HIAWATHA — Gov. Kim Reynolds’ question for voters is simple:
“Do you want to keep moving Iowa forward or do you want to stop and reverse?” she asked a roomful of supporters Monday morning.
Their response was clear.
“For all our sakes, I hope she has four more years,” Linn County GOP Chairman Justin Wasson of Cedar Rapids said.
Reynolds, who participated in a fundraiser for Rep. Ashley Hinson, R-Marion, Sunday night, led a pep rally at the Republican Party of Iowa Victory Office, 764 N. Center Point Road, Hiawatha.
She’s sensing momentum building for the Nov. 6 election.
“I think that’s typical that the closer we get to the election people start to engage,” she said.
Reynolds, who joked that her staff made sure there weren’t any empty chairs for her to jump on to cheerlead, said she doesn’t want to take a chance Republicans will get complacent.
“Because we have the majority in the (Iowa) House and Senate, and the governor’s office and in Washington, sometimes people think, ‘We’ve done that, we’re OK,’” Reynolds said. “We can never be complacent because it’s worth fighting for. That’s my message.”
As successful as the last two sessions of the Iowa Legislature have been under all-Republican control, “I’m not done,” Reynolds said.
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“I’m the CEO of the state and I may be a little biased, but I think great things are happening,” she said. “There’s still a lot of work to do. Our work’s not done. Things aren’t perfect, but we’re building from a platform of success.”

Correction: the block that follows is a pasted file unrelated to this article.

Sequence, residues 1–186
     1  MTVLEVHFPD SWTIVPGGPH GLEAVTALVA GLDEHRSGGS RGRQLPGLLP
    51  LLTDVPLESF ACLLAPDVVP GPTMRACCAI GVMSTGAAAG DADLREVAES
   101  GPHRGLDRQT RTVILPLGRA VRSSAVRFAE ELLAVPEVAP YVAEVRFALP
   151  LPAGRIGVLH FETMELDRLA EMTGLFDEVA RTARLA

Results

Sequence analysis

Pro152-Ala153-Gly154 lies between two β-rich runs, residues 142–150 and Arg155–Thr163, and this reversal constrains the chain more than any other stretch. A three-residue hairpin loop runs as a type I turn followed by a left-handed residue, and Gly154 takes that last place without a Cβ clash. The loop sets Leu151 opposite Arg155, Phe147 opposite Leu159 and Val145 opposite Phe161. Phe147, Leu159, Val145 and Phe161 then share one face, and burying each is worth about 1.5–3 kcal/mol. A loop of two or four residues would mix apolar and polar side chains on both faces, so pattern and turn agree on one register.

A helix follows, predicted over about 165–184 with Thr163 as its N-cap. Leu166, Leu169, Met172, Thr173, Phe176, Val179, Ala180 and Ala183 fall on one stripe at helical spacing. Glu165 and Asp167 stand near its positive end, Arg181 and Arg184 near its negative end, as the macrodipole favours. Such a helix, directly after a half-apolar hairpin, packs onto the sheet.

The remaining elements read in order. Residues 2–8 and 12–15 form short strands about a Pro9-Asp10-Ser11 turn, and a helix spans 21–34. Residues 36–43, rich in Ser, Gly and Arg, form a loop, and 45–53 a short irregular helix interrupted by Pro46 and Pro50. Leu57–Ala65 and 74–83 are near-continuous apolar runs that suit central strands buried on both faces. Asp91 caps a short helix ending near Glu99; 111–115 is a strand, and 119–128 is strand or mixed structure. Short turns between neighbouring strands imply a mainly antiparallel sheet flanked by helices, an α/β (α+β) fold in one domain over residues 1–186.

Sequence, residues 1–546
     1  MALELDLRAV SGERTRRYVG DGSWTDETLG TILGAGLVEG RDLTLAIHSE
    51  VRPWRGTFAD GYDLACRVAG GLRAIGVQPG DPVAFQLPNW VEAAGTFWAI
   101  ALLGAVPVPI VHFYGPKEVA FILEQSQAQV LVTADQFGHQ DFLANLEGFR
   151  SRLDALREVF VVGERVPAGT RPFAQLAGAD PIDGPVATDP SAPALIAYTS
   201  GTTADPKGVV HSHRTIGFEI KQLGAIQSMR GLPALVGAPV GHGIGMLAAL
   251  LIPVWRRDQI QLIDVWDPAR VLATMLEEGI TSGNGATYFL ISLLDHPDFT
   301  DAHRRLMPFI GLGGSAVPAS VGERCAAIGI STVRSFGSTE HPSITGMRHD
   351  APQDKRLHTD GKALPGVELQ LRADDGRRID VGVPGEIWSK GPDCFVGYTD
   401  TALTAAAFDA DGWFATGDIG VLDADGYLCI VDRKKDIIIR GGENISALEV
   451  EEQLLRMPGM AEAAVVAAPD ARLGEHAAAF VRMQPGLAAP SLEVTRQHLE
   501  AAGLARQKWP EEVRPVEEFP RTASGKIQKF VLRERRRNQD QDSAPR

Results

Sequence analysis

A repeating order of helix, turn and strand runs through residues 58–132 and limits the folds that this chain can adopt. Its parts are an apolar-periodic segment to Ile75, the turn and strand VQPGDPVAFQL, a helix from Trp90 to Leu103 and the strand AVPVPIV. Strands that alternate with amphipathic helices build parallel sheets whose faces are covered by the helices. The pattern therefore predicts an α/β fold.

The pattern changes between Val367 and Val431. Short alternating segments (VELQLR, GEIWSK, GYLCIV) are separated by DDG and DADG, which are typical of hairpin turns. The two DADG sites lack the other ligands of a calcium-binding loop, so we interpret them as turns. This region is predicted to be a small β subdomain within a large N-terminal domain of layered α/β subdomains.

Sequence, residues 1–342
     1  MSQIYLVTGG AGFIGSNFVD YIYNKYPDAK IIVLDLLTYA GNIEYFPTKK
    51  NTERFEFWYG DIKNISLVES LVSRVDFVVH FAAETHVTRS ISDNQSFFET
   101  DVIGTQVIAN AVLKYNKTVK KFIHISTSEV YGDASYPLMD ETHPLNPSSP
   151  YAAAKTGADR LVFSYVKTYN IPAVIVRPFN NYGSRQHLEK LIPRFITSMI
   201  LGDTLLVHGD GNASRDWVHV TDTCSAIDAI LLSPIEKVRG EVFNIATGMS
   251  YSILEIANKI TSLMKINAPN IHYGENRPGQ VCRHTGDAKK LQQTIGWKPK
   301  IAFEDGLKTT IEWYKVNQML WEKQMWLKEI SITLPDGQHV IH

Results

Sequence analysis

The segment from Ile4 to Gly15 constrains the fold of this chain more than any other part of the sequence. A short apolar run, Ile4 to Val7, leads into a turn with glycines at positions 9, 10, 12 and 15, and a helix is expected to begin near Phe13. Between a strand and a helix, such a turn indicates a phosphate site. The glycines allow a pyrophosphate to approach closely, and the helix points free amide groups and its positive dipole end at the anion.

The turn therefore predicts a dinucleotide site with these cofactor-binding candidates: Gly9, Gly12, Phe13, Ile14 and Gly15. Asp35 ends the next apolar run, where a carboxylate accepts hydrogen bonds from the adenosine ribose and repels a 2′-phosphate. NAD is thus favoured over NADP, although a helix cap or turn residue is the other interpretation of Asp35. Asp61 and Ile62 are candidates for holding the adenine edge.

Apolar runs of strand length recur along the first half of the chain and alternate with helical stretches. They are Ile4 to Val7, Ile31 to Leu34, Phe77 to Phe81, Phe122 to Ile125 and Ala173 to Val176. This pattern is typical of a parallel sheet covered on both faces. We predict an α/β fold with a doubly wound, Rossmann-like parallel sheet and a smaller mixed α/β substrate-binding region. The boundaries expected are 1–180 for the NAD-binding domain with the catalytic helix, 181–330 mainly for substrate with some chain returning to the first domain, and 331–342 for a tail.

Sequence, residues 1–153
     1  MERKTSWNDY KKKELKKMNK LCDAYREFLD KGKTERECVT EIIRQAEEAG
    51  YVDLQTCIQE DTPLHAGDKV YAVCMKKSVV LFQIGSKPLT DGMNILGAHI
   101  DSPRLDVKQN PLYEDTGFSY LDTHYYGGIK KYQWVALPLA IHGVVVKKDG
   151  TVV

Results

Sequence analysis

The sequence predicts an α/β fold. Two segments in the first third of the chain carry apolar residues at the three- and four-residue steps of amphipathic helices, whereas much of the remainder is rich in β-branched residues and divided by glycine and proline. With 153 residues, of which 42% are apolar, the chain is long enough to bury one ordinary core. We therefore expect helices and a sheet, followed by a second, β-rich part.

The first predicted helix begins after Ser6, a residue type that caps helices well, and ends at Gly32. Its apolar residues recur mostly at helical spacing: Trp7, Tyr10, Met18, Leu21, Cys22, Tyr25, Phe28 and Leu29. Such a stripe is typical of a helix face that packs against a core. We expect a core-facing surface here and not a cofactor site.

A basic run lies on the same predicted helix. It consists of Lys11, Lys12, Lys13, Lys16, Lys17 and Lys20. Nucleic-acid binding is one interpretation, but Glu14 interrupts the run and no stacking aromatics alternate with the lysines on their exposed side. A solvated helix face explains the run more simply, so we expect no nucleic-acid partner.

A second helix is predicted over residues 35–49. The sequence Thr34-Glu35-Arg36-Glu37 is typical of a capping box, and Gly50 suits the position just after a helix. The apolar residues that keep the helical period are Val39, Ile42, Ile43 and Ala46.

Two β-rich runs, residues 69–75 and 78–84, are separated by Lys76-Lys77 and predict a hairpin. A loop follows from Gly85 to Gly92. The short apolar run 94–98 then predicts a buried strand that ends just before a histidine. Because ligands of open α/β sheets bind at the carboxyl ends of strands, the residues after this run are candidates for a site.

However, her Democratic opponent, retired Des Moines businessman Fred Hubbell, charges that the Reynolds administration is “virtually running our state into the ground.”
He’s characterized her administration as “fiscal mismanagement and the misguided priorities,” trends he says he wants to reverse.
Reynolds, who also visited MJ’s Restaurant in Marion to meet with diners, warned that Hubbell wants to reverse tax cuts lawmakers approved this spring.
“They want to raise taxes,” she said. “I don’t. They didn’t believe we need alternative health care plans. I do. I’ve invested in education. It’s a priority.”
She also reminded her audience that Republicans and Democrats unanimously supported comprehensive mental health reform, suicide prevention in schools and Future Ready Iowa, her initiative to build Iowa’s talent pipeline by, among other things, making sure that 70 percent of the state’s workforce has education or training beyond high school by 2025.
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